via Gestalten – Lo-Res Film: Carsten Nicolai.

Sylvia Stone – The Void and the Field | Nieuws

Ze is voor de helft vergeten, maar nog volledig in de hedendaagse kunst aanwezig: Sylvia Stone, geboren in 1928 en was in de vroege jaren zeventig van grote invloed op het idee hoe een sculptuur tegenover de ruimte staat en er mee handelt. Doordat er bijna geen documentatie van haar is te vinden, is het niet anders dan in de vergetelheid te raken. Maar toch nog geen reden tot klagen, want wie zelfs in de vriendelijke tweedelige bundeling van Taschen terecht komt is eigenlijk nog niet vergeten. Op pagina 1112 van het 2e deel ‘Sculpture, From Antiquity to the present day’ staat ze totaal niet ongelukkig tussen de nog lang niet vergeten grootheden als Richard Serra, Frederick Sandback en Walter De Maria. Maar toch is haar ‘Crystal Palace’ uit 1971-72, een totaal uit plexiglas vervaardigt werk het enige wat ik van Stone ken.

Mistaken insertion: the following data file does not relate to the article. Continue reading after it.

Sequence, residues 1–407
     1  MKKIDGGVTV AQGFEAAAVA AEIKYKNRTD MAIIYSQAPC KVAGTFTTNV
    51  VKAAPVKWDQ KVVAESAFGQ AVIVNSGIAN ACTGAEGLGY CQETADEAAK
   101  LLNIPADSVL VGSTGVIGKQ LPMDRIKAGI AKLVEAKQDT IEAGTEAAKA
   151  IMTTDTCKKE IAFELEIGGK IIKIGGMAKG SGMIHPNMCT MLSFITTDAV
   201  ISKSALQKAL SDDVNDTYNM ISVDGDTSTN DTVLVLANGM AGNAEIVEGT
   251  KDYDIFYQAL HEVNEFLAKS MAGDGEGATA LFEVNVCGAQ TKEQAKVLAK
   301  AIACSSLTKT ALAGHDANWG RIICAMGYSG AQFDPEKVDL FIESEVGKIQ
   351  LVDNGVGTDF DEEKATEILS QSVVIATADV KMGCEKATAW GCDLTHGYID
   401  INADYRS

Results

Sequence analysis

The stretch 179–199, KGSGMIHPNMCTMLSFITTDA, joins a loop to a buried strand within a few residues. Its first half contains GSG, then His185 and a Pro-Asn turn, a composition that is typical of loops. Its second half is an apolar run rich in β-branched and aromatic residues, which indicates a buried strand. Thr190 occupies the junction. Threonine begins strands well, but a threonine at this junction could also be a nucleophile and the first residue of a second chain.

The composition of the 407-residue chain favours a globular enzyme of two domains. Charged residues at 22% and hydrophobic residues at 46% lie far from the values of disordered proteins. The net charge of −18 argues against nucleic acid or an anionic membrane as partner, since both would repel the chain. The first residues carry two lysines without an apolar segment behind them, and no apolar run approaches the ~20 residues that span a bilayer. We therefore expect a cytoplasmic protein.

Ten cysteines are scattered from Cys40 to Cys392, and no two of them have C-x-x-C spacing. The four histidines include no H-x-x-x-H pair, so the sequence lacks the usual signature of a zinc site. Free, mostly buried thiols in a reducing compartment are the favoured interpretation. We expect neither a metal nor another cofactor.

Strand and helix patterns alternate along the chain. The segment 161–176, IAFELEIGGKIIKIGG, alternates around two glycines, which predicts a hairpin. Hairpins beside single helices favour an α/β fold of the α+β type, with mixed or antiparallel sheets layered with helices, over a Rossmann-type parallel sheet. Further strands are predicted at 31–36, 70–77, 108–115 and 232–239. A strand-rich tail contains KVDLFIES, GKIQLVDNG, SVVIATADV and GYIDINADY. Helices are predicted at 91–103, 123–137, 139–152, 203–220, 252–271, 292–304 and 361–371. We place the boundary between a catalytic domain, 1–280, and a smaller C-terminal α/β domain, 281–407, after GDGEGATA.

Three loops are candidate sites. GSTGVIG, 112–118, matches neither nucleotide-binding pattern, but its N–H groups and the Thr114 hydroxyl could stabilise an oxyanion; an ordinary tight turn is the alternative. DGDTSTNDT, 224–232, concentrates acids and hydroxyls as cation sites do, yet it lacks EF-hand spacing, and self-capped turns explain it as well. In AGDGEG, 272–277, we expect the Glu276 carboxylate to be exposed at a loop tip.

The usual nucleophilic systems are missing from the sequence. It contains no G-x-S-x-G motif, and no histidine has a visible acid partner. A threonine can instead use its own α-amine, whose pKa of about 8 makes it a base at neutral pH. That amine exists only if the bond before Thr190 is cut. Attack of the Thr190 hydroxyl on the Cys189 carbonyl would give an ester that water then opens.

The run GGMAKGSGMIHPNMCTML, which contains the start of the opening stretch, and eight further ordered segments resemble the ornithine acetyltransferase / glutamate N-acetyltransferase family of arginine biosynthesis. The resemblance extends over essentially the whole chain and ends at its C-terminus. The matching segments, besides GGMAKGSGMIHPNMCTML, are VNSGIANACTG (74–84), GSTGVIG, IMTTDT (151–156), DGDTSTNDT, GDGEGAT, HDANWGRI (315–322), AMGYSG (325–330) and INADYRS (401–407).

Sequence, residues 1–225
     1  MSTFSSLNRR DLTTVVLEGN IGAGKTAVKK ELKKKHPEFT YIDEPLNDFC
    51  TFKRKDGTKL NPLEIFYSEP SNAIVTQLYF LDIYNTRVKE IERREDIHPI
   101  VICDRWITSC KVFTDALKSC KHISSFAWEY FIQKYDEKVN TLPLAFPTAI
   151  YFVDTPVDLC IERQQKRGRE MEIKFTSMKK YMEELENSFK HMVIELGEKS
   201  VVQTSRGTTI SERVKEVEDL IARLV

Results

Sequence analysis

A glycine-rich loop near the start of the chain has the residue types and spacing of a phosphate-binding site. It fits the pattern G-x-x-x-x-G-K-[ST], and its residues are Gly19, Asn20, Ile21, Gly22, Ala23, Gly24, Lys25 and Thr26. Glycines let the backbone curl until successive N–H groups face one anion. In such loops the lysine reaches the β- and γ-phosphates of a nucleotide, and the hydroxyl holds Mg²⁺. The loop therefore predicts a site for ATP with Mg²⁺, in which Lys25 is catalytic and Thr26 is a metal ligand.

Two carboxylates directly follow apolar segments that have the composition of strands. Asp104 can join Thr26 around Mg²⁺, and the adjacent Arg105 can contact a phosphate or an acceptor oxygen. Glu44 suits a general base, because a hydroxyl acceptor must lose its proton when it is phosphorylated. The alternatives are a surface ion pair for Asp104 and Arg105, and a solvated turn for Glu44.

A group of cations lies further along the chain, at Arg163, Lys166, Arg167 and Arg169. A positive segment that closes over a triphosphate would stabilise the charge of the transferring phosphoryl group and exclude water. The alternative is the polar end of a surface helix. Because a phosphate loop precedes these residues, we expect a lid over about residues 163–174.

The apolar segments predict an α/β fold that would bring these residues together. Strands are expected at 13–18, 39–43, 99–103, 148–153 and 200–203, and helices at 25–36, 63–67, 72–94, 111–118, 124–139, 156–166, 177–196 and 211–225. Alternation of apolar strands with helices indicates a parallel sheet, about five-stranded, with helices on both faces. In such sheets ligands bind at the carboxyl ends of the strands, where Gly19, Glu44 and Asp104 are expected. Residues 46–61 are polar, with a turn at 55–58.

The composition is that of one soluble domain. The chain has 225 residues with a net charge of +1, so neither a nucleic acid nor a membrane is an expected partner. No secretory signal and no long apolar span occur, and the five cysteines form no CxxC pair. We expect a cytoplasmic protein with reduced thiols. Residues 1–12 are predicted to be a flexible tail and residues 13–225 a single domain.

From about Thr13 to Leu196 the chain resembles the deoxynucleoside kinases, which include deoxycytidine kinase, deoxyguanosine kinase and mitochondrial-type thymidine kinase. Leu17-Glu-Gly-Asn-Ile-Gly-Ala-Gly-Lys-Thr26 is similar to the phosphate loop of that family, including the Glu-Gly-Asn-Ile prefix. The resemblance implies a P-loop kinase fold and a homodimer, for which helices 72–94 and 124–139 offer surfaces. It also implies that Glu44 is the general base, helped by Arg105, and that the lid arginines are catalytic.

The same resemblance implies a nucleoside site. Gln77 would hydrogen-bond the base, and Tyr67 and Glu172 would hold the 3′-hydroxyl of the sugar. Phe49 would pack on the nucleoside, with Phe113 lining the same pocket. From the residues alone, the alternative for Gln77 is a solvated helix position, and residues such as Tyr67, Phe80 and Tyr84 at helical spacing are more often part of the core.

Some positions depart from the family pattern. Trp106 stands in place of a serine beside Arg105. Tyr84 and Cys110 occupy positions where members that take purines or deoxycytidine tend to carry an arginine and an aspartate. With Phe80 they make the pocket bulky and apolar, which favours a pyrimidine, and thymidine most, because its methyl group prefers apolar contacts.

via Sylvia Stone – The Void and the Field | Nieuws.

Rhizome | Multiple Views

Artist Dan Graham (born 1942) has embraced a wide range of media and genres including film, video, performance, installation, architecture (he collaborated with Jeff Wall in 1989 to build Children’s Pavilion), women’s magazines (Figurative—made in 1965 and reproduced in Harper’s Bazaar in 1968), and rock music (where he has collaborated with musicians such as Glenn Branca and Sonic Youth). Graham is well known for his documentary Rock My Religion (1982-84), a fifty-two minute video that explores the religious and spiritual tendencies underlying the American obsession with rock music. In the exhibition catalog for Don’t Trust Anyone Over Thirty, Diedrich Diederichsen claims that this video is “one of the most important texts on the theory of rock music.” Rock My Religion, as well as many other of these interdisciplinary projects are included in Graham’s current solo show, Dan Graham: Beyond, at the Whitney Museum of American Art in New York City.